Exodus’ anti-gay activism goes back even further. As Toscano points out, “This is a system that has organized and funded the oppression of queers for this past generation.” As the Christian right became highly politicized over the past three decades, Gerber explains at Religion Dispatches, “Exodus and their members became attractive partners to Christian right institutions. Supporting people ‘struggling with same-sex attraction’ became useful cultural evidence that these seeming haters had a compassionate side.”

Of course, the assertion that “homosexuality is a choice” has been central to nearly every anti-gay movement in the United States over the past 20 years. It bears a lot of responsibility for state-mandated discrimination against LGBT people, including the various anti-gay marriage constitutional amendments that have popped up in 37 states over the past few decades. The claim was also a central talking point in May among supporters of North Carolina’s nationally maligned Amendment 1, which was considered one of the most extreme anti-gay pieces of legislation in the country.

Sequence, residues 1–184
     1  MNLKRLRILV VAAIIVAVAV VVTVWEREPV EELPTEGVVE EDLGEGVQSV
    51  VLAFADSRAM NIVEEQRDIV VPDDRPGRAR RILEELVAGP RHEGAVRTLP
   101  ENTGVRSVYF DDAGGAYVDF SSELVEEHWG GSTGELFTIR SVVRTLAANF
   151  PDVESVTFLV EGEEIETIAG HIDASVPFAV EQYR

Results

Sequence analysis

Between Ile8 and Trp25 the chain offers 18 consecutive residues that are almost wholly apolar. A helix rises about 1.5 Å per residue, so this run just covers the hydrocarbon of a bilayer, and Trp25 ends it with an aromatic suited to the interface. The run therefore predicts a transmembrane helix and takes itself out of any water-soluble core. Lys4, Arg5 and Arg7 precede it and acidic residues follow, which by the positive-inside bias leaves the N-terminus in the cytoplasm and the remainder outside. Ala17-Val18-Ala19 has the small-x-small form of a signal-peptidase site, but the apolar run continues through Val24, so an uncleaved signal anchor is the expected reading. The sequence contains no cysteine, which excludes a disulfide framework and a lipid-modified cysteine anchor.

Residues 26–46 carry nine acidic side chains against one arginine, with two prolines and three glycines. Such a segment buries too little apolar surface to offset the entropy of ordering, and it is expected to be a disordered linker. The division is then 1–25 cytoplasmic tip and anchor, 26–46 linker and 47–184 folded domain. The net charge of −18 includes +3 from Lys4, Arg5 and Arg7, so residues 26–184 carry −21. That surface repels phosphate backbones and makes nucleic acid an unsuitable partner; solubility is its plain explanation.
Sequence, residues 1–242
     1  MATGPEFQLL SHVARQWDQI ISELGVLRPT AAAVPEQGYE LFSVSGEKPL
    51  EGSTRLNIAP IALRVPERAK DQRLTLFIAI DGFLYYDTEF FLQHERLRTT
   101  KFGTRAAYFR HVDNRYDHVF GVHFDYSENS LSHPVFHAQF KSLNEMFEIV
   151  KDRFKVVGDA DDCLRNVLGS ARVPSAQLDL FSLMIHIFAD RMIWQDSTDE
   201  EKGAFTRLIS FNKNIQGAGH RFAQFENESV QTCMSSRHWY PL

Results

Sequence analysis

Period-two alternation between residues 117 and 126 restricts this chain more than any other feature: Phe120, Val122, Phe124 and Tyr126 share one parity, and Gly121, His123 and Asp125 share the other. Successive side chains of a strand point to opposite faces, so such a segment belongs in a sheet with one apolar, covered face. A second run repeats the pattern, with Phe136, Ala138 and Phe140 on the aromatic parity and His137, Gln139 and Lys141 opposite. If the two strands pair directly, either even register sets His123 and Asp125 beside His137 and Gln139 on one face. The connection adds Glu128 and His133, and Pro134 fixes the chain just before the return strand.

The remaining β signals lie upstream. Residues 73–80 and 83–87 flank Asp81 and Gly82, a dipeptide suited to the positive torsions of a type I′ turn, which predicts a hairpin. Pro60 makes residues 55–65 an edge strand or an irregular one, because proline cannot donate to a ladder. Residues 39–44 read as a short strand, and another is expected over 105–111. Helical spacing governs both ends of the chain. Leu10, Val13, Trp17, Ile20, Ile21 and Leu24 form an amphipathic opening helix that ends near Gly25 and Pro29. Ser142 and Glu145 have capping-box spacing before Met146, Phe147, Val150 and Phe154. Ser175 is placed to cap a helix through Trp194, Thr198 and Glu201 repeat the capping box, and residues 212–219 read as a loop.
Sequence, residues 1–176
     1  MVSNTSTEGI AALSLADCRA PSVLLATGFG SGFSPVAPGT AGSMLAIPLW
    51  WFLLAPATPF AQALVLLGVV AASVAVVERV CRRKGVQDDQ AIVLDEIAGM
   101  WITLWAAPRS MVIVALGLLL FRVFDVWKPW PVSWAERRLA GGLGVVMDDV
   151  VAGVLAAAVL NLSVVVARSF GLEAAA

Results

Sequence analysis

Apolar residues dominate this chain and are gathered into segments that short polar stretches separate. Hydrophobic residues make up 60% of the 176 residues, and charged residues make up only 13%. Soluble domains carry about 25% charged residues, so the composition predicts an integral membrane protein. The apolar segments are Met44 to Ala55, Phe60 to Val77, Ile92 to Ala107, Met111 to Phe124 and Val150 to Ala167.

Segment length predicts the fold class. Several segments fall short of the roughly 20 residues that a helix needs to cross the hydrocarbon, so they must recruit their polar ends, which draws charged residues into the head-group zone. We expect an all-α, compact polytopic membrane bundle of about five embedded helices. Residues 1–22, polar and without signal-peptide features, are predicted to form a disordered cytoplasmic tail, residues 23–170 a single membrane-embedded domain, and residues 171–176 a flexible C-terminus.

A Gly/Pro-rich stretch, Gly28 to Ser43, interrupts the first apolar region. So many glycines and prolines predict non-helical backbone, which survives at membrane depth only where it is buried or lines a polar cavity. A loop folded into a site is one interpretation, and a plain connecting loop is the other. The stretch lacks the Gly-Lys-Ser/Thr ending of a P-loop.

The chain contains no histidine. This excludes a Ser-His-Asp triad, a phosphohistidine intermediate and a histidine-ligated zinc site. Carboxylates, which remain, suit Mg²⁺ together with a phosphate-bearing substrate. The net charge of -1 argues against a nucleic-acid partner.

At this point, Exodus has offered only the bare political minimum. It has spoken out against bullying, hate crimes, and anti-gay legislation in countries like Uganda and Jamaica. In other words, the group does not support violence against LGBT people. But nor have Exodus or similar ex-gay organizations participated in LGBT civil rights amendments or spoken out about the importance of second-parent adoption rights. On that issue, Chambers says only, “We don’t get into the issue of legal or political ramifications with regards to gay marriage or any other thing, so as far as that goes, I don’t have a public comment on marriage.”

In February, Truth Wins Out reported on what it called a cynical strategy at Exodus meant to “create a façade that will marginalize LGBT advocates that criticize the group’s work.” Then, Besan argued that the group and its affiliates maintained a stridently anti-gay perspective in their own house, but presented a more moderate take to the public and in the media.

4. The “sin” issue. Ex-gay leaders are still very straightforward in their belief that “homosexual behavior” (i.e., sex) is sinful. In his open letter, Chambers writes: